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Global behemoth Apple has set its eyes on exploring a new frontier — Buy Now, Pay Later (BNPL) — with its new product Apple Pay Later.
Given that the company is already capable of attracting the masses to its products and has huge brand power, banks, lenders and other incumbent BNPL players may be feeling intimidated. Take Affirm, a US-based BNPL provider: After the news, shares of the company sank 17%.
Apple Pay Later is not the company’s first move into finance, though. Back in 2019, the company partnered with Goldman Sachs to create Apple Card, which offered loans for device purchases. So, it is no surprise that Apple would jump on the bandwagon to offer BNPL.
This time, however, Apple has taken a different approach: Instead of relying completely on lending services or banking partners it has created Apple Financing LLC. Apple Pay and Wallet users can apply for Apple Pay Later during checkout and require a debit card to make payments. When approved, they can start using Apple Pay Later at any merchant that accepts Apple Pay.
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Enterprise and tech decision-makers may just view this as another split payment method. But diving deeper into the launch of Apple Pay Later can unlock some valuable insights into the BNPL industry.
Even during turbulent times, the BNPL industry continues to grow
Although BNPL solutions have caught the attention of millions of customers, particularly in the US, Europe and Australia, some providers have been facing tough times. Rising inflation, slowing economic growth and climbing borrowing costs have put BNPL companies in a difficult position. The Swedish BNPL company Klarna, for instance, laid off 10% of its global workforce.
However, Apple is making a big move during turbulent times simply because there is still a high demand for BNPL. In fact, 60% of shoppers say that inflation is driving them to use BNPL products, according to a survey from Credit Karma.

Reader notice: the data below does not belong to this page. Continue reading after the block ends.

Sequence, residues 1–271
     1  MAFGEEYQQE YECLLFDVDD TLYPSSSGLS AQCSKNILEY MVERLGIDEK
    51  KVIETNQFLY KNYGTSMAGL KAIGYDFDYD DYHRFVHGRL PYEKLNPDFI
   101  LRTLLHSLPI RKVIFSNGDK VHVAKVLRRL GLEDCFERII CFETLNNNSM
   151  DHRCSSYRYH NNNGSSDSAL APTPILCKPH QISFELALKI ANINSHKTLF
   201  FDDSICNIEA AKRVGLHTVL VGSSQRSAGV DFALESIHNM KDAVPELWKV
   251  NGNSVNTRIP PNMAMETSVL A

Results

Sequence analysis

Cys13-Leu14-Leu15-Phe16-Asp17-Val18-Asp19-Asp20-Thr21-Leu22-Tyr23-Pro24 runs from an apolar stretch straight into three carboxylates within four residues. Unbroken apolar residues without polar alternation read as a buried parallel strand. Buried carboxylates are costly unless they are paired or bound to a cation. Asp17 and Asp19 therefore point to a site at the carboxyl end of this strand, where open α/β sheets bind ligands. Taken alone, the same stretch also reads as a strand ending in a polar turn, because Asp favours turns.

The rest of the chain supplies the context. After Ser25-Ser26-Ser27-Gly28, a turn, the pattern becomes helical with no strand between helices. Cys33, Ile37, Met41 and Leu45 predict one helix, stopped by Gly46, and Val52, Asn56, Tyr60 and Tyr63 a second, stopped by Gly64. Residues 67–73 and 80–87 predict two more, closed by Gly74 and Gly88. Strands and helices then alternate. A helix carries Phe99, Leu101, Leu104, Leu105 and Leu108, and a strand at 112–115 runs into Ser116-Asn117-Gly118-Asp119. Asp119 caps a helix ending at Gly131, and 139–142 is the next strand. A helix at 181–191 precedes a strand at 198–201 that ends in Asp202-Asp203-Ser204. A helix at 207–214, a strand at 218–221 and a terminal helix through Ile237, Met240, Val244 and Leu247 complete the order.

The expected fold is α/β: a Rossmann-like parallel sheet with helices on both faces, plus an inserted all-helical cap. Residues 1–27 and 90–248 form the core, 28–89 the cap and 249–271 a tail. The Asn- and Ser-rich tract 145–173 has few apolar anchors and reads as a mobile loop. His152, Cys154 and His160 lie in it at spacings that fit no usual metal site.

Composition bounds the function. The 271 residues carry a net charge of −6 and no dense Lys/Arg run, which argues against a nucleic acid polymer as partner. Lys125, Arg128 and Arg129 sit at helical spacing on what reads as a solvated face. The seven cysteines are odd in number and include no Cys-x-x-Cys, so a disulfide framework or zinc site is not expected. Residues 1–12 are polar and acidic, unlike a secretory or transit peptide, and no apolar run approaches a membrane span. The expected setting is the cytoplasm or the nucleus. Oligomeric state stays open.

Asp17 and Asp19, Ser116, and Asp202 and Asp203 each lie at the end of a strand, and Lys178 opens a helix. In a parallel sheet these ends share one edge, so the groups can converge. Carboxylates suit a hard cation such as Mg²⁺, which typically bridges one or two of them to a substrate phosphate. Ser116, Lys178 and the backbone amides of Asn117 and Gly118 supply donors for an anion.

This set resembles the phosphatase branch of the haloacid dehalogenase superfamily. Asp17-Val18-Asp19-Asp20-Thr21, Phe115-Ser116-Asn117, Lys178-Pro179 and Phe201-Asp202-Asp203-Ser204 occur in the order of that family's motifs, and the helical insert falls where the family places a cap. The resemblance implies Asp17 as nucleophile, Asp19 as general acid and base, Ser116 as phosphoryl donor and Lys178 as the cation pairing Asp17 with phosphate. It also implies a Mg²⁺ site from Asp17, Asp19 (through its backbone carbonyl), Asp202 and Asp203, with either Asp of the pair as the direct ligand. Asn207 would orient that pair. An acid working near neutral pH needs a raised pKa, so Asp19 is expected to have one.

The U.S. consumer watchdog is on the case
BNPL is a rich source of consumer data: By cutting out the third-party providers, Apple will be able to retain full control over its customers and better understand their behavior. The valuable insights coming from Apple Pay Later will allow the company to predict future consumption patterns and design better marketing strategies. But you know what they say: “With great power comes great responsibility.”
As Consumer Financial Protection Bureau (CFPB) director Rohit Chopra said: “Any tech giant that has a lot of control over a mobile operating system is going to have unique advantages to exploit data and eCommerce more broadly.”
This clearly indicates that the top U.S. consumer watchdog is keeping a close eye on Apple. In fact, the CFPB raised data privacy and anti-trust concerns for Apple Pay Later. More than ever, the company will need to run a tight ship when it comes to consumer data protection.
On top of that, the CFPB opened an inquiry into five BNPL providers late last year — Affirm, Afterpay, Klarna, PayPal and Zip — with the purpose of protecting consumers from accumulating debt. They recently released a BNPL report based on this inquiry.
As the U.S. consumer entity plans to regulate BNPL, businesses offering different BNPL options to consumers must be on top of regulatory investigations, making sure they follow transparent, fair and responsible lending practices. This will also lead to customer retention.
That’s why Apple made it clear in its press release that the company designed Apple Pay Later with users’ financial health in mind. Customers can also easily view, track and repay payments within Wallet.
Apple’s entry into BNPL will attract more financial institutions and merchants
There have been numerous discussions about whether Apple Pay Later is a threat to major BNPL providers. The truth is that this payment solution will not shake up the industry as much as the other providers might fear. This is because it is limited to Apple Pay users.
Make no mistake, the arrival of Apple Pay Later is an important development and can create a chain reaction in the industry, as it is proof that BNPL has taken root in the market. Therefore, we can anticipate more banks, lenders, and merchants entering the space in a quest to stand out from the competition.
When larger financial institutions move into the BNPL space, merchants will also benefit. To illustrate this, direct-to-consumer BNPL transaction fees may cost as high as 3 to 6% of the purchase value (this is how installment payment providers make money). Banks can offer merchants more competitive transaction fees as low as 1 to 3%.
The bottom line is that exploring why and how big tech entered the BNPL space can provide important industry lessons. And businesses working in sectors like ecommerce can use these takeaways to navigate the BNPL and begin their own journey.
Yaacov Martin is CEO and cofounder of Jifiti.
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